Koh Tao – Searching for “The Beach”

Danny Boyle’s film “The Beach” Starring Leonardo DiCaprio was set around the theme of a mythical beach, located in a pristine bay which was tucked away somewhere in the Gulf of Thailand. In the movie, the beach had assumed a cult status amongst backpackers searching for a last unspoiled paradise. The film was based on a book by Alex Garland which was originally set around the island of Kho Pha Ngan in the Gulf. The film itself however, was actually made in Ko Phi Phi, off the opposite coast of Thailand.

One blustery Christmas Day, a few years before Garland’s book was published, I arrived on Kho Pha Ngan with another VSO friend from Kathmandu – it wasn’t a fun voyage and I remember being caught in stormy seas in a boat that would have been more suited to the River Thames at Henley, rather than the open ocean. I remember some rather nerve wracking moments as the hull groaned and creaked in towering swell and locals argued over possession of the 2 life jackets stowed on board. However, in the end we made it to Kho Pha Ngan that Christmas day, the jubilant captain setting off firecrackers in celebration and perhaps suggesting that the crew also felt lucky to get there. Later we heard that many boats had been wrecked or damaged in the the area during the storm that day.

The same morning we’d set off from Ko Samui in calmer conditions – the plan had been to stay there for a while. However Ko Samui had seemed rather a brash and overdeveloped tourist-trap, filled with package tourists, noisy bars and nightclubs and a lot of unwelcome traffic. It sounded like the more remote islands would have better to offer in terms of authenticity and general chill out appeal.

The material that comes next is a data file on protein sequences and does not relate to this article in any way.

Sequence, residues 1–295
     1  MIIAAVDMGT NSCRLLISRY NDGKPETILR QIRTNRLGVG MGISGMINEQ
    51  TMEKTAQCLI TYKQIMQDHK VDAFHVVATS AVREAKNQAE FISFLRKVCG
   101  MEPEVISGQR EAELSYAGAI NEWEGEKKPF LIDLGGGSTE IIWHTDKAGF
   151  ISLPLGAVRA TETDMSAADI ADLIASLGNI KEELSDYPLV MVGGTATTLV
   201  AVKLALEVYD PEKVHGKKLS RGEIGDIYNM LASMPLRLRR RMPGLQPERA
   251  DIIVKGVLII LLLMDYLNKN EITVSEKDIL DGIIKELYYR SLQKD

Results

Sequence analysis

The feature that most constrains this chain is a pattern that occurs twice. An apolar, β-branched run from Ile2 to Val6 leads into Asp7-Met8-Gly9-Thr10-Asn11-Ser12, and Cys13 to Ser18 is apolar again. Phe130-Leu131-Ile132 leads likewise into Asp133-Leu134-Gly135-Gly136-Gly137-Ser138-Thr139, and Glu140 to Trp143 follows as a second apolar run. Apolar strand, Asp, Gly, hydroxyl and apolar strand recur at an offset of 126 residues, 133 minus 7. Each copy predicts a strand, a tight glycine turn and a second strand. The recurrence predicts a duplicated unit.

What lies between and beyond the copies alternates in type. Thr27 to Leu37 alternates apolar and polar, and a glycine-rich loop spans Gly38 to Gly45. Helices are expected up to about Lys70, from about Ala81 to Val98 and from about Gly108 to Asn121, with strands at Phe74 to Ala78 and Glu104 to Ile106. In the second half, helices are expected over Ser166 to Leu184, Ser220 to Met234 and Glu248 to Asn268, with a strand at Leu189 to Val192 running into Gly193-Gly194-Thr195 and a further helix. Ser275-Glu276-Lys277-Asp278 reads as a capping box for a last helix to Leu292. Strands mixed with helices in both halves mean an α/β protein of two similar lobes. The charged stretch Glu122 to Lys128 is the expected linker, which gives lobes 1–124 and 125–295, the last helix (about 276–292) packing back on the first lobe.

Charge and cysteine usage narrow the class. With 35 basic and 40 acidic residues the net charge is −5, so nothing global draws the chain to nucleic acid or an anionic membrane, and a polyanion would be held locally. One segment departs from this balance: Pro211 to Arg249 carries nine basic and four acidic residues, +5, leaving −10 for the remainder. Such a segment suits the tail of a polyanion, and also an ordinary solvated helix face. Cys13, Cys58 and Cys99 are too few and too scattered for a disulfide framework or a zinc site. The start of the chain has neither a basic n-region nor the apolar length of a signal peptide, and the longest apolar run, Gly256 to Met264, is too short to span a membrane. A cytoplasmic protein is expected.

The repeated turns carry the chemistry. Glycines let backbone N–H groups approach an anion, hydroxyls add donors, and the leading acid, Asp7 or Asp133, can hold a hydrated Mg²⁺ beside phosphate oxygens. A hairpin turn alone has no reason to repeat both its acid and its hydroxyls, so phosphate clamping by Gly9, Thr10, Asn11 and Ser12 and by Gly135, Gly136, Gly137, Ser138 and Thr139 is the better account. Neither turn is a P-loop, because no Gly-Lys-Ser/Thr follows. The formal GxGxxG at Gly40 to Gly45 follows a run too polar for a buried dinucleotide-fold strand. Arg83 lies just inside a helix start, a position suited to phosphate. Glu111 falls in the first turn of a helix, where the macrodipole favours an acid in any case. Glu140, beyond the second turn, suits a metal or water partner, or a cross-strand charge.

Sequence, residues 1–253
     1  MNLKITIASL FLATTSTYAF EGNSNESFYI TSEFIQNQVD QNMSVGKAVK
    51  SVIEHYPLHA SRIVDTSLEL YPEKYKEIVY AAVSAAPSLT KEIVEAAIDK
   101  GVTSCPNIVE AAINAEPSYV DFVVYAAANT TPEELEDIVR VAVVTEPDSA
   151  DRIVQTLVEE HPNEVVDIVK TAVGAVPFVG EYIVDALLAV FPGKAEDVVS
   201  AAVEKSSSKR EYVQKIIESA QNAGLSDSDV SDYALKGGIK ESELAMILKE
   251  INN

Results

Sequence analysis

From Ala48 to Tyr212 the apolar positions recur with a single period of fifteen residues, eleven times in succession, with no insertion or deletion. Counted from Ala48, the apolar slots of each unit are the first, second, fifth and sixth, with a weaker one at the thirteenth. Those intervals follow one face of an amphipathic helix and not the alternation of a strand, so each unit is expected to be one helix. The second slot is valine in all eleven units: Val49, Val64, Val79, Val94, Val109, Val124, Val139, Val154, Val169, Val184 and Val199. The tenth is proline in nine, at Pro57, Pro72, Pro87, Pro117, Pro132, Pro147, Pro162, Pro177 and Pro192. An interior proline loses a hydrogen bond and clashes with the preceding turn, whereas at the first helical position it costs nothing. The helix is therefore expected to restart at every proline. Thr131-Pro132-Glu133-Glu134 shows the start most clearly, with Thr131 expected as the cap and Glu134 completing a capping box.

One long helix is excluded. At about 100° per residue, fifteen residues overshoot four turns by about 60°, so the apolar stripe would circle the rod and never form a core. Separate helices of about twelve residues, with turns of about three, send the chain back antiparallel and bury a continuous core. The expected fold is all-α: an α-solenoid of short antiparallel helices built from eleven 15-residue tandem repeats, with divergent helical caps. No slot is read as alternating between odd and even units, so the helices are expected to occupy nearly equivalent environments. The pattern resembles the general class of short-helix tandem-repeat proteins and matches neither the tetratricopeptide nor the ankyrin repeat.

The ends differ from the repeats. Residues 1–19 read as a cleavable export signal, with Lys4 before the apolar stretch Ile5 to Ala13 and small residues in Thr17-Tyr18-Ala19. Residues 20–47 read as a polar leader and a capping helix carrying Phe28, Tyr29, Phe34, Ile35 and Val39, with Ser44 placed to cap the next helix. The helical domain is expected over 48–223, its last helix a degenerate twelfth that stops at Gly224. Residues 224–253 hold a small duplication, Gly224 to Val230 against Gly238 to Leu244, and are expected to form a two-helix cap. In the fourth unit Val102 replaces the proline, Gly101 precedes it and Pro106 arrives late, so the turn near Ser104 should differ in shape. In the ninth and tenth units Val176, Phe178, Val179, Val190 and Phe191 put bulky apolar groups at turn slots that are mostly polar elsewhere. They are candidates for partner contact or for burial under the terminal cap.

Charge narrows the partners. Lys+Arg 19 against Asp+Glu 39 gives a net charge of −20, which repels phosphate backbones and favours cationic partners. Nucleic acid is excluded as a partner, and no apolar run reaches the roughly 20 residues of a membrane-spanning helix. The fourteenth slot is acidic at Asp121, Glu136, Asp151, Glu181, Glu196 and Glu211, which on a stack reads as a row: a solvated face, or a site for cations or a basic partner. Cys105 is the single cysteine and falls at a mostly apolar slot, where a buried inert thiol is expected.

After the stormy crossing to Kho Pha Ngan, we decided to stay there for a couple of days before heading off to the even remoter island of Koh Tao, located another 50km or so to the NW. Fortunately our journey to Koh Tao went a lot more smoothly and our vessel proved more seaworthy on this occasion – being more like a Scottish trawler which rode the waves than the previous Thames barge which rode under them. Like the fictional island in “The Beach”, Koh Tao was known as a laidback backpacker haven with basic infrastructure and no proper roads. It was also regarded as a cool venue for scuba diving and dive training.

First impressions of Koh Tao were certainly favourable and the Island certainly appeared to live up to its cool and unhurried reputation. We stayed in a traditional palm thatched beach hut by the sublime Shark Bay. The infrastructure was pretty basic but included a rustic beach bar selling essential supplies such as cocktails, sea food specialties and of course other essential “supplies” for stressed out backpackers (the latter being of limited interest to a clean living person like myself ! ). There were also an interesting assortment of home baked items on offer including cakes which had some rather unforeseen effects, as I discovered later to my cost.

The location of the beach hut was fantastic, about 20m from the beach itself, the crystal clear aqua marine water being perfect for snorkeling. There was a lot of space around and so nobody felt too packed in. Other guests were fairly eccentric or alternative. These included a couple of German naturists, a guy who stood in the sea, up to his knees, playing the saxophone every morning and another musician from a British indie rock band, with his partner and rather annoying kid in tow, who kept telling us about the “blood feasts” he’d been to the previous night.

At night we were kept awake by small but very loud geckos, which shared our hut with us. At first we couldn’t work out what the commotion was and I even went to see if someone with a duck whistle was lurking about just outside. One evening, after yet another beautiful sunset, the sound was extreme. It was made even worse by a couple of English guys with a touch of “Delhi belly” who were throwing up loudly all night and swearing with equal gusto. Then a dog started barking non-stop which seemed to go on for hours, until suddenly a loud shot rang out and there was complete silence – I’m not sure exactly what happened, but possibly it wasn’t so good for the dog ! Even the puking backpackers were a bit quieter after that.